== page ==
The Judging Criteria
The AUSSEF Judging criteria are designed to identify the best entries to be recommended to present at ISEF. The criteria are designed in line with current international best practice in the application of valid and reliable assessment principles. National Judges and Selection Panel members will be trained in the appropriate use of the criteria to ensure consistency of application.
These criteria will be used by:
- judges participating in the AUSSEF shortlist team.
- the ISEF Selection Panel to assess and rank projects for final selections of potential projects to represent Australia at ISEF.
The AUSSEF criteria have been developed from the ISEF Grand Award Judging Criteria, with similar areas of criteria used to help focus on key aspects of projects. Specific criteria include critical aspects of Australian curricula, as well as drawing on internationally recognised best practice in assessment principles.
Both judging stages will score projects using these ISEF-based judging criteria for Scientific Investigations, Engineering and Technology Projects and Mathematics Projects. To access these Judging criteria, click on the appropriate link:
- Projects submitted into the disciplines of Biology, Chemistry, Earth & Environmental and Physics & Astronomy will be judged using the AUSSEF Judging Criteria for Scientific Investigations.
- Projects submitted into the discipline of Engineering and Technology will be judged using the AUSSEF Judging Criteria for Engineering and Technology Projects.
- Projects submitted into the discipline of Mathematics will be judged using the AUSSEF Judging Criteria for Mathematics Projects.
Scoring a Project
Scores of 1 to 5 will be assigned for each specified criterion and the total score for a project will be out of 120. It is important to note, for consistency purposes, that a project averaging scores of 3 for each criteria aspect is typical of a student who has competently completed a classroom report, covering all the specific criteria to a good level. An average score of 4 is for an outstanding report, where the student has gone beyond the normal requirements of a school report. Scores of 5 are only achieved by students who have exhibited a meticulous approach to their work and have demonstrated and communicated deep levels of understanding for a senior school project.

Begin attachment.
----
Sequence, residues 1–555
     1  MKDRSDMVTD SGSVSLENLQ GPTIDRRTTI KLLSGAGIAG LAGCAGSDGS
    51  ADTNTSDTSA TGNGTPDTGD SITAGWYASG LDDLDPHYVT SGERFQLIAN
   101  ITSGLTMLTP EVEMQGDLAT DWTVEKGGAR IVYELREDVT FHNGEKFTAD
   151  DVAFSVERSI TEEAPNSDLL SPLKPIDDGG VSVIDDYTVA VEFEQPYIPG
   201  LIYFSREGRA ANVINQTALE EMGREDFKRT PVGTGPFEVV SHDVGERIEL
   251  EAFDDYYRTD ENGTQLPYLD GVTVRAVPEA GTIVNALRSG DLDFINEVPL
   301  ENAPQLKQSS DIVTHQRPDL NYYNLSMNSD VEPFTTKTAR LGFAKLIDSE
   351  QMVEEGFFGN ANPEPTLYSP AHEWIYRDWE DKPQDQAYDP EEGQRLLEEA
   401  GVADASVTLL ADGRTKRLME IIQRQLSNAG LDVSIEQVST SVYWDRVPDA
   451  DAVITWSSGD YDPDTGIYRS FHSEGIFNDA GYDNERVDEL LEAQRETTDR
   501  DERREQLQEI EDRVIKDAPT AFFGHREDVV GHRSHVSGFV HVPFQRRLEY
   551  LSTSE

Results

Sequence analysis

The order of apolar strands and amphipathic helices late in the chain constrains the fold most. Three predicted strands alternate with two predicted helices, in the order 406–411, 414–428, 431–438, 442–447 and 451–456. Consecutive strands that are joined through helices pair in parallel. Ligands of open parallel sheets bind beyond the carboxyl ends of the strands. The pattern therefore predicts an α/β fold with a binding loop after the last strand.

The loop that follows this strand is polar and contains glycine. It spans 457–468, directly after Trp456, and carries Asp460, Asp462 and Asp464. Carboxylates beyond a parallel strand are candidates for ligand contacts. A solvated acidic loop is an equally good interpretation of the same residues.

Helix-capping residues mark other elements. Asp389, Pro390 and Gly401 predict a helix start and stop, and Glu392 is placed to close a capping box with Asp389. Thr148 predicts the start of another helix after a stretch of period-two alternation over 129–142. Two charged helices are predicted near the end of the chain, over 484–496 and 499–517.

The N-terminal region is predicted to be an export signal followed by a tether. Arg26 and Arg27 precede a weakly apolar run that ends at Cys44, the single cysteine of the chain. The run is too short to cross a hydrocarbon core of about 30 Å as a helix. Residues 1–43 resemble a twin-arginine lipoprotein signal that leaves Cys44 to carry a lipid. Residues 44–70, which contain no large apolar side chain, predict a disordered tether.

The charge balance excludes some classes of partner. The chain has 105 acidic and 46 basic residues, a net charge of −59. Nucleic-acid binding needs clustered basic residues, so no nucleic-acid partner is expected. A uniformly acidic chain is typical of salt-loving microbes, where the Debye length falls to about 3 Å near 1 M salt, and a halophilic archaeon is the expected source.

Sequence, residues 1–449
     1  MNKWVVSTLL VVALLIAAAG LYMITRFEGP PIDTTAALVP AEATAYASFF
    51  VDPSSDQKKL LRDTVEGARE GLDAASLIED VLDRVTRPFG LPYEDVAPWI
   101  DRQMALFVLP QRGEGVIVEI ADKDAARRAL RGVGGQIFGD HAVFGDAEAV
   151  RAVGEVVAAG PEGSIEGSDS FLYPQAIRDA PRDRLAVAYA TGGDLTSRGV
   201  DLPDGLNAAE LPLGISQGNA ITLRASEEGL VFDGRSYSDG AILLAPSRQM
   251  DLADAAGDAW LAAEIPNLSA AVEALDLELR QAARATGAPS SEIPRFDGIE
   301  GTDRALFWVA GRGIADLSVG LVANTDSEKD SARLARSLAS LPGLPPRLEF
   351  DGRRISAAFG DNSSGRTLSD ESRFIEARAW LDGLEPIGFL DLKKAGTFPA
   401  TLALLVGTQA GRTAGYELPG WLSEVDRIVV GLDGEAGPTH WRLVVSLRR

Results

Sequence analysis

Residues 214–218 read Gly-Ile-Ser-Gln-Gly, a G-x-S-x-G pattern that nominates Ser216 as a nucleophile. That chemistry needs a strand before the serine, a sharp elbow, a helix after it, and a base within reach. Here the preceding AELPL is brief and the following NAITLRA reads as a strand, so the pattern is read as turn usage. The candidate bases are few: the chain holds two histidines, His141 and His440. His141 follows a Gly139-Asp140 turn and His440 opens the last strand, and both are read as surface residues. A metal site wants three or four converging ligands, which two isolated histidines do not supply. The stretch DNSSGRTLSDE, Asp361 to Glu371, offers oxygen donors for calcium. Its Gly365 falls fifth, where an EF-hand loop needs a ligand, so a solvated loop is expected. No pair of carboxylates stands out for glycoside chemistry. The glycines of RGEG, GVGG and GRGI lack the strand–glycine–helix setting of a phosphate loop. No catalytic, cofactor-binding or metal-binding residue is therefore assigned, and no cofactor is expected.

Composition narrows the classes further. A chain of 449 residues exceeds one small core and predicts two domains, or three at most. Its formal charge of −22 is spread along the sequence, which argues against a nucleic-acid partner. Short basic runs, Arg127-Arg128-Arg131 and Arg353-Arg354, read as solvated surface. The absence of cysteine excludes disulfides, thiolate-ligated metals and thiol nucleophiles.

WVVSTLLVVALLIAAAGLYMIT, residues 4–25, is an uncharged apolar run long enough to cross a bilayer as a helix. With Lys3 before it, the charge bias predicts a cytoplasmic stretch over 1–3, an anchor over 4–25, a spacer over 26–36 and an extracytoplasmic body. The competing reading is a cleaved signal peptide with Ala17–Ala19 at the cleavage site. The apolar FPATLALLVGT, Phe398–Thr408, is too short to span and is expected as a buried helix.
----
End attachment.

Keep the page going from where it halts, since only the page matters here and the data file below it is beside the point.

Rationale for Criteria Selection
Note that the AUSSEF criteria locate some specific aspects of projects into different areas due to the AUSSEF assessments being made on submitted documentation; for the 2023 ISEF, the AUSSEF Selection Panel are not able to view ISEF posters or interview students. The AUSSEF criteria are based on the criteria considered to be significant or important in the overall project. In line with current thinking in this area of assessment internationally, different values are allocated to the specific criterion descriptions. This allows the AUSSEF Selection Panel to assess the depth of understanding of science concepts as well as the levels of communication and presentation displayed by the entries.
The AUSSEF criteria assume that entries presented to AUSSEF have been through some other selection process, such as high achievement in a state awards scheme or fair; or identified by another eligible organisation.
It is assumed that projects have been checked that they qualify for ISEF, however the AUSSEF Selection Panel will check that entries that are recommended using the AUSSEF criteria also meet the ISEF rules.